City built by the Parthians immediately opposite Seleucia on the Tigris, possibly for billeting troops. It was captured by Trajan in A.D. 115/116, but only after Pacorus had escaped. The daughter of Osroes and the golden throne were captured.


Modern Hamadan, Iran. Alternate spelling: Agbatana. Under the Parthians, it was the satrapal seat of the province of Media and on the early Silk route that led from Areia (Herat) to Rhagae to Ecbatana where the city controls the major east-west route through the central Zagros, the so-called High Road. From Ecbatana, the goods passed into Syria via the Fertile Crescent or across the desert via Dura-Europas or Palmyra, or a more southerly route through Mesopotamia to Seleucia or Ctesiphon. A Parthian period Greek inscription on the statue of Herakles at Bisotun dated 149/48 B.C. refers to a Cleomenes as satrap of the "upper provinces" (Media); it would appear that Media and Ecbatana did not fall to the Parthian king Mithradates I until ca. 147. The attempt by Antiochus VII in 130 B.C. to restore Seleucid power in Persia probably stopped short of Ecbatana, as did the invasion by Tigranes II of Armenia in the later years of Mithradates II (Frye, 1984, pp. 212, 215). The Parthians continued to use Ecbatana as a royal summer residence (Strabo, 11.13.1, 16.1.16; Curtius Rufus, 5.8.1; Tacitus, Annales 15.31) and as a royal mint. Parthian buildings in the city included the citadel on the Mosalla. ["Ecbatana," Encyclopaedia Iranica] The attribution to the mint at Ecbatana of issues of Mithradates I, with the title 'great King,' are possibly due to his conquest of this mint city ca. 147 B.C.


Now Urfa in southeastern Turkey, former capital of ancient Osrhoene. It is situated on a limestone ridge, an extension of the ancient Mount Masius in the Taurus mountains of southern Anatolia, where the east-west highway from Zeugma (in the vicinity of modern Birecik) on the Euphrates to the Tigris met the north-south route from Samosata to the Euphrates via Carrhae. Edessa was held successively by the Seleucids, Parthians, and Romans and was a mint under Antiochus IV which suggests a degree of autonomy and importance in the Seleucid period. Coins of Vologases IV (see example) were minted there also. When Seleucid power declined in the late 2nd century B.C., Edessa became the capital of a small kingdom, ruled by the so-called "Abgar dynasty," generally allied with the Parthians, and under strong Parthian cultural influence. Pliny the Elder (5.85) called the inhabitants of Osroene "Arabes," and the ruler was also known as "phylarch" or "toparch" of the Saracens (Festus, 14). It was upon entering Edessa in 114 A.D. that the Roman emperor Trajan received the title Arabicus. From that time onward Edessa came increasingly within the Roman sphere. ["Edessa," Encyclopaedia Iranica] (see Encyclopaedia Iranica article)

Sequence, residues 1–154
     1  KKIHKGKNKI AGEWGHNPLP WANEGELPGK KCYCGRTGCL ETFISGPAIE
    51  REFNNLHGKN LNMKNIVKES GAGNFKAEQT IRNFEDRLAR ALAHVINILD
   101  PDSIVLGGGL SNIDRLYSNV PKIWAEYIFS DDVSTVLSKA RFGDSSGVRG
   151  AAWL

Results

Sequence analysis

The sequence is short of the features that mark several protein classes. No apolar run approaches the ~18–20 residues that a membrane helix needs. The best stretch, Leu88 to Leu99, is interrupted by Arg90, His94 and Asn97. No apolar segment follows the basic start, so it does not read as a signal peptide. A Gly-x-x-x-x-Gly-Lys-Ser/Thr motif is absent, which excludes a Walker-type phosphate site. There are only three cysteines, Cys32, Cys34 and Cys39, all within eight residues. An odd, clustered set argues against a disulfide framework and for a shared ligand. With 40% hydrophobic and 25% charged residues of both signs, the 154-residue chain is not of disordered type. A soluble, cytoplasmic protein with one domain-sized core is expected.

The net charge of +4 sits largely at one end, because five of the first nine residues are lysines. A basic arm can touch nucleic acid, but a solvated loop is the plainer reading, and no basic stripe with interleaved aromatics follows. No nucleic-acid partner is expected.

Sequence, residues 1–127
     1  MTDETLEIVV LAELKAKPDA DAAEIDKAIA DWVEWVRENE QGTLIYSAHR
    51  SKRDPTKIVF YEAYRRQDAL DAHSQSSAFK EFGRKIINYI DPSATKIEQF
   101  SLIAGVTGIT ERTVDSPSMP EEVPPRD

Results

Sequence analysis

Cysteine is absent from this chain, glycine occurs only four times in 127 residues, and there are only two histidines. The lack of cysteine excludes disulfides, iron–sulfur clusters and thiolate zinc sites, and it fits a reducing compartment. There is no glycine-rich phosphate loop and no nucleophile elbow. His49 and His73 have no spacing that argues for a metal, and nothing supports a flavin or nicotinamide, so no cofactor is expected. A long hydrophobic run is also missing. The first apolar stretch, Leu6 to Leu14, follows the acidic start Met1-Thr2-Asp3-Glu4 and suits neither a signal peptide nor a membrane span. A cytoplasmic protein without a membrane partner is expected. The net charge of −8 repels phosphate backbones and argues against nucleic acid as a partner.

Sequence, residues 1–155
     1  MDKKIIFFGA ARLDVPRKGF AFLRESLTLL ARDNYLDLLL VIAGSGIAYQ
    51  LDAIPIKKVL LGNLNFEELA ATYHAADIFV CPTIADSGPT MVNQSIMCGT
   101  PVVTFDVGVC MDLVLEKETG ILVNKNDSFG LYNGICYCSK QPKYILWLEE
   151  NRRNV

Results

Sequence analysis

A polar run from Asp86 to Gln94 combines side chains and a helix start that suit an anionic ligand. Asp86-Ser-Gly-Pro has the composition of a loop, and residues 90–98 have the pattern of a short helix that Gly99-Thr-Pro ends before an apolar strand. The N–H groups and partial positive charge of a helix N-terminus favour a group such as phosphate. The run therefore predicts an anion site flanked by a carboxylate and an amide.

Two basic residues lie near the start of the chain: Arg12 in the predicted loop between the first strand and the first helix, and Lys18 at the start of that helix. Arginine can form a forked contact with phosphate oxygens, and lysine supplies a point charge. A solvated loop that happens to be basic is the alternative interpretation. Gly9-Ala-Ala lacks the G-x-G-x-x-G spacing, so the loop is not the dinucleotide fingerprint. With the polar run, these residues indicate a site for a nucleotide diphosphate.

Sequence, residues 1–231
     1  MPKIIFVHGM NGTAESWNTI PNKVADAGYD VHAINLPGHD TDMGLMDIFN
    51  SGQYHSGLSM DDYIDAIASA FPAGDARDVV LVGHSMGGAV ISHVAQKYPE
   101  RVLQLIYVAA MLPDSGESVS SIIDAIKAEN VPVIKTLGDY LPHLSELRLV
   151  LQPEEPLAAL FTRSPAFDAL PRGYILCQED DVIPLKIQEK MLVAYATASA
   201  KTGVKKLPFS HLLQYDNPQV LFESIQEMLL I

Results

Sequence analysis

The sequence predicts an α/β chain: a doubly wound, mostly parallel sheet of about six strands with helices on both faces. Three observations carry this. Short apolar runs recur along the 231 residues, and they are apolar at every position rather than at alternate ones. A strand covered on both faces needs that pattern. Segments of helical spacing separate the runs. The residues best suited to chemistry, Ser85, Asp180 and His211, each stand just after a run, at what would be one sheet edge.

Descriptive text goes here. Each mint's city name is an anchor for hyperlinks from the maps and other pages.


Modern Shahr-e Qumis near Damghan, Iran. One of the Parthian royal capitals. For a bibliography, see L. Vanden Berghe, Bibliographie analytique de l'archéologie de l'Iran ancien.


In Media. The temple of Anahita is the significant Parthian survival here. The articles of Kambaksh-Fard are found in Louis vanden Berghe, Bibliographie analytique de l'archéologie de l'Iran ancien .


Descriptive text goes here. Each mint's city name is an anchor for hyperlinks from the maps and other pages.


Modern Merv in Turkmenistan. Over one-quarter of the Parthian copper coins in the hoard described by Koch are from this mint. [Koch, 4] For excellent information on Margiana mint, see the article by Nikitin, "Early Parthian Coins of Margiana," 1998. The ruins of ancient Margiane are 17 miles/27 kilometers away from the modern city of Mary. The International Merv Project Turkmenistan, an Anglo-Turkmen Archaeological Collaboration, is under the direction of Dr. Georgina Herrmann (IoA, UCL) and Dr. K. Kurbansakhatove (Ashgabat).